The feeding painting

Every month, we dust off a piece of art from the British Red Cross collection to give it the attention it deserves. This painting was a topical one after the Second World War – when much of Europe was left hungry and homeless.

Look at this oil painting, and you notice the detail etched into the faces. They are all downcast: eyes on the floor and shuffling their hands. There’s a clear sense of weariness and waiting.

For artist Max Huber, in 1948, this painting was like a newscast: it captured a very current crisis.

The Second World War was over, but Europe was still reeling – and dealing with hunger and homelessness.

Life in sheds and stables

Over in Germany, the war had destroyed much of the farmland, livestock, housing and machinery.

To help rebuild the country, it was temporarily divided into four ‘occupation zones’: British, American, Soviet and French.

The Red Cross and other agencies went into the British zone to help improve the terrible living conditions.

“One old man of 63 was living in a corner of stable,” we wrote in a report at the time. “The other outstanding case was that of a woman with three small children, living in a very small shed with just enough room for them to stand up in it.

“The woman’s husband could not be with them as there was no room. The eldest child was suffering very badly with heart trouble and they had been living in those conditions for over two years.”

Walls like bacon boxes

One immediate crisis was the number of refugees.

Hundreds of thousands of people fled into the British zone from the north and Russian-occupied parts of the country. Yet – after so much fighting and bombing – only two-thirds of the homes were fit to live in.

A group of refugees in post-war Germany.

A group of refugees in post-war Germany.

Relief agencies quickly set up refugee camps, to keep people warm and dry. However, living conditions varied in those, too – especially as time went on and the numbers got bigger.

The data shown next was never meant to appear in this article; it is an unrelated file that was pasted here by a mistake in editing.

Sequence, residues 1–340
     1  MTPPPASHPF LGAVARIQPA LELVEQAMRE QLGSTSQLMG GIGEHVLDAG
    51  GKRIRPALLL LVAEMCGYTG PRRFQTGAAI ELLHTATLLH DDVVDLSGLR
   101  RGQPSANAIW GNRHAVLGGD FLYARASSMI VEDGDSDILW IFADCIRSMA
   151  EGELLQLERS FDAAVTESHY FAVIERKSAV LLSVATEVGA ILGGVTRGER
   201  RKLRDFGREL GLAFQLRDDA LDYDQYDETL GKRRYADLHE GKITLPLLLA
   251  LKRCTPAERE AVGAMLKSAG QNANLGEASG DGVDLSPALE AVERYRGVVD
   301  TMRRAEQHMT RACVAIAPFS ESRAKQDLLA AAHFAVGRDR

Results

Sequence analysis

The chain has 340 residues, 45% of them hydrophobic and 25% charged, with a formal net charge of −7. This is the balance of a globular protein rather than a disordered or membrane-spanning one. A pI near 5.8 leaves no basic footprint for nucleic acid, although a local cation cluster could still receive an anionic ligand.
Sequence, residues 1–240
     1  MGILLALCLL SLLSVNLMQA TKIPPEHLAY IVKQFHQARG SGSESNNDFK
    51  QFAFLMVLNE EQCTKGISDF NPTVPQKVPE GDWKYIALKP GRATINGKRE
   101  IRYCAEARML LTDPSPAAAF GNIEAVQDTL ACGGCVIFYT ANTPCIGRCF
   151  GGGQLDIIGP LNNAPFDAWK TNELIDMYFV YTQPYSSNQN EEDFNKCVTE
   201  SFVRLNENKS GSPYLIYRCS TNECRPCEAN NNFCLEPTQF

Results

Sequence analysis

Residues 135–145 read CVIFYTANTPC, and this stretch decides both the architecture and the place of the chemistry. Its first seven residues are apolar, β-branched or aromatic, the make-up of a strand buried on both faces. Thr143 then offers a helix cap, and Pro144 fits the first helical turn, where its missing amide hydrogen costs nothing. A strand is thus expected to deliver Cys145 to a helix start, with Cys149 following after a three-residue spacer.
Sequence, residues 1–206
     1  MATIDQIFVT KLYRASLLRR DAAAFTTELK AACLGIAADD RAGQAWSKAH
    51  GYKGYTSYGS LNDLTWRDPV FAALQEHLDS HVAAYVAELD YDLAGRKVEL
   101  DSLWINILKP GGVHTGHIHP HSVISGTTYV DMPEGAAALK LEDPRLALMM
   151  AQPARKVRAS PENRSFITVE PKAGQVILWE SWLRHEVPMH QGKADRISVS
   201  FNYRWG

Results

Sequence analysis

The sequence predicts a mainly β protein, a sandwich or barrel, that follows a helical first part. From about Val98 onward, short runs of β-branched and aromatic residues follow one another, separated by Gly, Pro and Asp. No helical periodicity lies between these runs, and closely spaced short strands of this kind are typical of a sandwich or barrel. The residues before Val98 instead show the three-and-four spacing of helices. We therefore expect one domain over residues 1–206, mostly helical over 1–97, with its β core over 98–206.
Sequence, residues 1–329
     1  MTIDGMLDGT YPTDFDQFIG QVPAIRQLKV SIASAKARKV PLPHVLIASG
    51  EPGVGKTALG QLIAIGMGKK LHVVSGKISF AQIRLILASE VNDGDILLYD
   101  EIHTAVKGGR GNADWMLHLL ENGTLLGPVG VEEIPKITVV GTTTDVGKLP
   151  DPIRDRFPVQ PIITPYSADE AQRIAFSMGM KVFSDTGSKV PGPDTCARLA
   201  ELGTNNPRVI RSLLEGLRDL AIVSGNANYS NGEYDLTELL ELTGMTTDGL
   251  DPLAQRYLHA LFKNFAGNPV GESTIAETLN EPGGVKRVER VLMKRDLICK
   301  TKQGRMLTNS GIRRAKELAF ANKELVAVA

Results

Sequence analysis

The Red Cross remarked: “Overcrowding has been increased by relatives arriving as refugees. One family is housed in a hut built of material not much thicker than bacon boxes.”

No time for games

With numbers reaching a tipping point, the British Red Cross and other agencies organised huge feeding schemes within the 286 camps.

The average person was surviving on around 1,000 calories a day. Half the children in one town – Jülich – were reported as 25 per cent underweight.

In fact, the number of children is something that strikes you about Huber’s painting. The picture is framed so you feel like you’re peering into the scene from their perspective. Each one is jostling in between adult legs and robes. None of them are smiling or playing.

Family of refugees at ‘home’ in a refugee camp.

Family of refugees at ‘home’ in a refugee camp.

Three weeks on a train

By the time Huber painted The Feeding, in 1948, there were still 800,000 refugees in the British zone.

It was proving especially difficult to resettle the elderly, sick and infirm – people too vulnerable to make a journey home.

For example, one train to Hanover, carrying German refugees, included 351 children, 157 women and 21 men. They arrived with only a minimum of clothing and supplies, and had to live for a while in the town’s air raid shelters.

The Red Cross wrote: “The passengers had been three weeks in transit and had spent three to four days on the train.

“All of them were particularly grateful for the drinking chocolate and other food which we were able to supply.”

Turning wheels for Europe

Maybe it was all the drinking chocolate – but, with time, people did gradually grow to look more nourished and healthy.

The Red Cross started to withdraw from the British zone – leaving the on-going care to German welfare services.

One of our final reports noted: “As each new house rises out of the rubble, slowly but surely living conditions are improving. Each new house or dwelling means that some family or families are improving their lot, and so a gradual improvement all over is effected.”

This was true all across Europe. As a new decade approached, countries were finally getting life back to ‘normal’.

Or as we put it back then – “The wheels everywhere are beginning to turn.”

 

Today, we’re still feeding people in distressing situations. Here are just a few: